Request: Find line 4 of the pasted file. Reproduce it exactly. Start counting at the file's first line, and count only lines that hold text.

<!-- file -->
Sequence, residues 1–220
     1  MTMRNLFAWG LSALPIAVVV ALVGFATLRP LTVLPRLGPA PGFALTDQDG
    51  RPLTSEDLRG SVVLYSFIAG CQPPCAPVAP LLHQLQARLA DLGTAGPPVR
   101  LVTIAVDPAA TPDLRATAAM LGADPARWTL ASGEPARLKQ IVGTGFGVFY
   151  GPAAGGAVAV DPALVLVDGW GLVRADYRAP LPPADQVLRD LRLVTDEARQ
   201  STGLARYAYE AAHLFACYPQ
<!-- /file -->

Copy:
   101  LVTIAVDPAA TPDLRATAAM LGADPARWTL ASGEPARLKQ IVGTGFGVFY